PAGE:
Adventure travel specialist Meghan J. Ward lives in one of the best locations on the planet for outdoors enthusiasts: Banff National Park. The content specialist for Banff Lake Louise Tourism, editor of Canadian Rockies culture publication Highline Magazine, and freelance writer for Parks Canada, Travel Alberta and numerous outdoors publications, Meghan is someone you want to listen to if you’re planning a trip to Canada’s adventure capital. You can also read her musings on everything from waterproof sneakers to climbing Mt. Everest at her blog, The Campsite.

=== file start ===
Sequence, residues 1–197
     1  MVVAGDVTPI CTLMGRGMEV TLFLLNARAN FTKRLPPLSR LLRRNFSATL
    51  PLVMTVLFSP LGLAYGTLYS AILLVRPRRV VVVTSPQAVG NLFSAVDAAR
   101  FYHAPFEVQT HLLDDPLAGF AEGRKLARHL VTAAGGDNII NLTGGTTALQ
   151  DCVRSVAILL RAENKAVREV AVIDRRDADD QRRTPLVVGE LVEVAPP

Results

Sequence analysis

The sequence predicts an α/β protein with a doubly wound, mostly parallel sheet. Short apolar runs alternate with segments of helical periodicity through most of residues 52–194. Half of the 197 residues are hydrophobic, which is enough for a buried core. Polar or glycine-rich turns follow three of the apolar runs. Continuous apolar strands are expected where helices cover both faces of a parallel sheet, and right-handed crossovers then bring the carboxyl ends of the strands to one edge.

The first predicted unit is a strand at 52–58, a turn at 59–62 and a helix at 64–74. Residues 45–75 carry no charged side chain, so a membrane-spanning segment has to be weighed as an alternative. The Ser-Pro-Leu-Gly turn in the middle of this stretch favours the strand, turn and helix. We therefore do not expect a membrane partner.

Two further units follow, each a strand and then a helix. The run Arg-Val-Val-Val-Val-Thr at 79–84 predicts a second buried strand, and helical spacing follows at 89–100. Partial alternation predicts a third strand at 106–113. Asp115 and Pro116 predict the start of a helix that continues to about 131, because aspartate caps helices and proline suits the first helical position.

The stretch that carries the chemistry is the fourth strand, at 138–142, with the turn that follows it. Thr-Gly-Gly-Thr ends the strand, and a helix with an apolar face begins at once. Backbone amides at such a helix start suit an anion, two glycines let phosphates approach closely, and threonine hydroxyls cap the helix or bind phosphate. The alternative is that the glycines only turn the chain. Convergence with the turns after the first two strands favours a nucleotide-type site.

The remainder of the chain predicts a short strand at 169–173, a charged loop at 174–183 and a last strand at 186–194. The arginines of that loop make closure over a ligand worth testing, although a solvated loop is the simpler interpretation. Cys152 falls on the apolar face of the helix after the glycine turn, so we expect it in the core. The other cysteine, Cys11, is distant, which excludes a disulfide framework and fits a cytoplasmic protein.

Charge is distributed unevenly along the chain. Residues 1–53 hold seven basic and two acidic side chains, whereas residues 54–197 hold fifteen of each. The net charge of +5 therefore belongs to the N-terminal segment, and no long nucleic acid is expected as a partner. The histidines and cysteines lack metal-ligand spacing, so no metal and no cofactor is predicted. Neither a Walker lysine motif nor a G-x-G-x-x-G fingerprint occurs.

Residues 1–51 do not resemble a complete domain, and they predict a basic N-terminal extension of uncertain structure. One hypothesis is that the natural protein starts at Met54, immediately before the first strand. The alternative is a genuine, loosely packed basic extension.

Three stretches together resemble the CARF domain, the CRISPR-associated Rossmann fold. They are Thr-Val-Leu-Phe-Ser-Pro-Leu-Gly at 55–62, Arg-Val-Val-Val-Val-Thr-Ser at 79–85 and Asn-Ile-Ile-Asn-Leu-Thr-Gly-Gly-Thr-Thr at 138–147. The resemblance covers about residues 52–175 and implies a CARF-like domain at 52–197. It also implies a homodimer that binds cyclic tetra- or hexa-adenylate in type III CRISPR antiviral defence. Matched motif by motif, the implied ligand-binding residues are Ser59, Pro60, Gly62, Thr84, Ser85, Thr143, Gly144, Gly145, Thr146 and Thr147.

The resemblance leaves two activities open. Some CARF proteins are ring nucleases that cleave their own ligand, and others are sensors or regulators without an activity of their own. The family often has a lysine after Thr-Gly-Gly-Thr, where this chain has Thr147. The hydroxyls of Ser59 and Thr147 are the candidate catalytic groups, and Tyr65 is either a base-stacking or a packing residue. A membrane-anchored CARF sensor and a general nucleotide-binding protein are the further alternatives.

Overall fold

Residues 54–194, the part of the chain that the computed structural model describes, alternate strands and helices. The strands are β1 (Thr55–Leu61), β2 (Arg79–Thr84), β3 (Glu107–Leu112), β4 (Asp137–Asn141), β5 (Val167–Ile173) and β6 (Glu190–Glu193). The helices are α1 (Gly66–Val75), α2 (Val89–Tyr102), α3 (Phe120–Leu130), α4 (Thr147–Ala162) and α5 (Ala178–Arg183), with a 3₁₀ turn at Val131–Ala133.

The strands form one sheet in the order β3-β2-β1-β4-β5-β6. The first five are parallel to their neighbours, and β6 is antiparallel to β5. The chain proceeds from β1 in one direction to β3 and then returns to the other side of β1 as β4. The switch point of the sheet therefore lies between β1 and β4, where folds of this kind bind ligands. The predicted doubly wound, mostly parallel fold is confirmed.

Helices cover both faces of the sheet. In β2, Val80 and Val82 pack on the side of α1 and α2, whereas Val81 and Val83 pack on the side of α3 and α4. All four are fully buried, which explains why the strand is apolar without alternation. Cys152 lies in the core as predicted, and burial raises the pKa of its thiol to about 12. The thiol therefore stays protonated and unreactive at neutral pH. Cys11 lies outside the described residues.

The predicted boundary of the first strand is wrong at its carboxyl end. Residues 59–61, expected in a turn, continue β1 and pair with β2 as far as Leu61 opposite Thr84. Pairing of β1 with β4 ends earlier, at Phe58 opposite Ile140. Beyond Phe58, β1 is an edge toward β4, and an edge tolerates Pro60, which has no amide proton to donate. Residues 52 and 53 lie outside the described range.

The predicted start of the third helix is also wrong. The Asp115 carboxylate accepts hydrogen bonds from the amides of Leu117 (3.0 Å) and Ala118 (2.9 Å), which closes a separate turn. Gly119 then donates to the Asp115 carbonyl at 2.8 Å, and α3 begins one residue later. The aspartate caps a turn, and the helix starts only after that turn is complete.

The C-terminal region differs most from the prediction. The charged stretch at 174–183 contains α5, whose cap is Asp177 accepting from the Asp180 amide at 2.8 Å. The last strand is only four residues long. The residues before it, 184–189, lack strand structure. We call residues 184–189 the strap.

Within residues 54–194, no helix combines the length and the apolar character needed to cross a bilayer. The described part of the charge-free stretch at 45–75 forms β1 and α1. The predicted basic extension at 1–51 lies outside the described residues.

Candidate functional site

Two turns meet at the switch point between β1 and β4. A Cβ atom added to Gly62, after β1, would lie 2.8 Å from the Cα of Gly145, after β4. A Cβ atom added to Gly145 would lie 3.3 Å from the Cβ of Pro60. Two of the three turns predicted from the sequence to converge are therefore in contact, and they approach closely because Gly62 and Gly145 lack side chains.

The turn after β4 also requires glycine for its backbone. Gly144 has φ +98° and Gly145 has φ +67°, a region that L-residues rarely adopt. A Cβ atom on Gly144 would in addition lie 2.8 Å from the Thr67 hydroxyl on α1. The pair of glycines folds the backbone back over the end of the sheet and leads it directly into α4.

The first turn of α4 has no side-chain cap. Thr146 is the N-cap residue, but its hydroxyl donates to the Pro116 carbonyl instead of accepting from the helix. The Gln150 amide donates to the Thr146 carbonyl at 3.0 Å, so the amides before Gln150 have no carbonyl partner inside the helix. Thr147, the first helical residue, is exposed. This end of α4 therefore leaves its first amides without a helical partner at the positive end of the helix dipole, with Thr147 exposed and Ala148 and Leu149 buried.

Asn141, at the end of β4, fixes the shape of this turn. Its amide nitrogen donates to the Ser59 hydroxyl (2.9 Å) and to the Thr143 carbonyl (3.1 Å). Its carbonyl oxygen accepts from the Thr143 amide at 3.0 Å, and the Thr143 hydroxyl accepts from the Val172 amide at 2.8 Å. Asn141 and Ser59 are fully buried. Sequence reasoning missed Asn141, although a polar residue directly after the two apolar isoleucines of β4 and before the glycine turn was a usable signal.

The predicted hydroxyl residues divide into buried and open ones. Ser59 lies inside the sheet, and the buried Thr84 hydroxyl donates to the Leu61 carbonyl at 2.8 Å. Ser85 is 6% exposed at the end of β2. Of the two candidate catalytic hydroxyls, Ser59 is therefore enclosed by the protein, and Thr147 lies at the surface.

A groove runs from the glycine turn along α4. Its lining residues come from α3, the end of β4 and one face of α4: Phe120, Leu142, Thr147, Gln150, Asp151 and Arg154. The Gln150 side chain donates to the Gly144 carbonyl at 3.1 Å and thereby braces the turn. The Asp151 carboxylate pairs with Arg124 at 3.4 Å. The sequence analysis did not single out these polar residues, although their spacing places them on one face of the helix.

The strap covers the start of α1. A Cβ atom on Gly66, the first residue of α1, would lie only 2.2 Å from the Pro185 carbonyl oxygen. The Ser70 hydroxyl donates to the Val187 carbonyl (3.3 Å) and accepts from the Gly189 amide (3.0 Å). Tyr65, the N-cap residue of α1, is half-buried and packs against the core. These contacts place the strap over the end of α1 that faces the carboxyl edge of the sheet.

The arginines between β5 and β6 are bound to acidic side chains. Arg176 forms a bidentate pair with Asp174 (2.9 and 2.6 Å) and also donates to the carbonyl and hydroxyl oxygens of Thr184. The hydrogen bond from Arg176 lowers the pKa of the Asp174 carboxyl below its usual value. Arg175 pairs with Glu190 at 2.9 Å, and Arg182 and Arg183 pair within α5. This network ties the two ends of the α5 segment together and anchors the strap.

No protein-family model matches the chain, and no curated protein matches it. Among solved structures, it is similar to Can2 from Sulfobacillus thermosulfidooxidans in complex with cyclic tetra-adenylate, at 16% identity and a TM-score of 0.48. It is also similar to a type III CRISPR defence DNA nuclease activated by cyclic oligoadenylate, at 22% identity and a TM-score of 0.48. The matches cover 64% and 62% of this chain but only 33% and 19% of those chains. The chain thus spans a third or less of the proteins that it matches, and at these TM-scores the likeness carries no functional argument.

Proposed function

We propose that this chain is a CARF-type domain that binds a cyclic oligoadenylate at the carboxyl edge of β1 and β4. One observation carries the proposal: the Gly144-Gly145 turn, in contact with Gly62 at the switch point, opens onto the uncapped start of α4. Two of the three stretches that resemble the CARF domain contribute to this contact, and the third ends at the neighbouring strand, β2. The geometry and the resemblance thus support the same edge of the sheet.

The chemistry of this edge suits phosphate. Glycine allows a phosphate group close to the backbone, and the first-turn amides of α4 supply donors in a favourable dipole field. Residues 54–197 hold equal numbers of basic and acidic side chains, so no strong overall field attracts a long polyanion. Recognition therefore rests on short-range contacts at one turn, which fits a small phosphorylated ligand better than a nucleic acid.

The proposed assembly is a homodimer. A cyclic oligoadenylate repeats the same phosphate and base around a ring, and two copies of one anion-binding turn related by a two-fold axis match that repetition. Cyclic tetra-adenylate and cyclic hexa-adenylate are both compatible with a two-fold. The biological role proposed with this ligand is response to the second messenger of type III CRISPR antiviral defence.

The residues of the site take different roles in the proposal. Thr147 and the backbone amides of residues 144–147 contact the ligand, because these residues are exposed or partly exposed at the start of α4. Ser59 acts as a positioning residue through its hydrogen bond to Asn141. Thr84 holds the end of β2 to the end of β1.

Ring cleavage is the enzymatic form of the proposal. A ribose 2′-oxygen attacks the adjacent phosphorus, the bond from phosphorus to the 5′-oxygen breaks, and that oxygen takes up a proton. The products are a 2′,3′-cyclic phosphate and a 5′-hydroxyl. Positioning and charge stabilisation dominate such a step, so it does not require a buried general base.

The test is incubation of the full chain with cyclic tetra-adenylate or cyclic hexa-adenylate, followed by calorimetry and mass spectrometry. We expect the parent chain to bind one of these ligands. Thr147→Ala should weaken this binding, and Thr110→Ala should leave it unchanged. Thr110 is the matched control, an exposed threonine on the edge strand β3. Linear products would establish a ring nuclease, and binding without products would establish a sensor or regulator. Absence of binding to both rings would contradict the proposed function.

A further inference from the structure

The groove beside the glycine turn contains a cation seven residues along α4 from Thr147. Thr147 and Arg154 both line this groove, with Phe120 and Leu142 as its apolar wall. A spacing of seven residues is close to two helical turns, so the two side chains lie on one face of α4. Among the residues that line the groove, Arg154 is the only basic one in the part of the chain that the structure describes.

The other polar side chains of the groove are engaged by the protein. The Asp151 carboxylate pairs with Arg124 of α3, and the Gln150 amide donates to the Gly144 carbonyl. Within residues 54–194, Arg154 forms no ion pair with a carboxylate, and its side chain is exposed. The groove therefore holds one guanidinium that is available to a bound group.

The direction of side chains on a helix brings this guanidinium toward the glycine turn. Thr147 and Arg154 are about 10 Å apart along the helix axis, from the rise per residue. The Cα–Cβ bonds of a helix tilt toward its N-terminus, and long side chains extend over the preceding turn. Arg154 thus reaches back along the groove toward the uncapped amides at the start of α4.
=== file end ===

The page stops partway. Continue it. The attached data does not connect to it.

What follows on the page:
Born in Calgary and raised in Ottawa, Meghan headed back west for summer jobs in Banff during university and relocated to Banff for good in 2008. She travels extensively throughout Canada (to six provinces and Nunavut in the past two years alone!) and recently spent nine weeks in Nepal, where she hiked to Everest Base Camp and through Upper Mustang, among other adventures.
Her newest endeavour is Adventures in Parenthood Project, for adventurous travellers transitioning to travelling—still adventurously—with kids.
How did you get into adventure/outdoors writing? What’s your background in this area?
I had no background in creative writing when I decided to launch into a freelance writing career, only a lot of encouragement from family, friends and professors. I wanted to find some way to combine my passion for outdoor adventure with my job (i.e. do what I love for a living) and this was the answer.
What was the moment you realized that writing about adventure travel could be your job?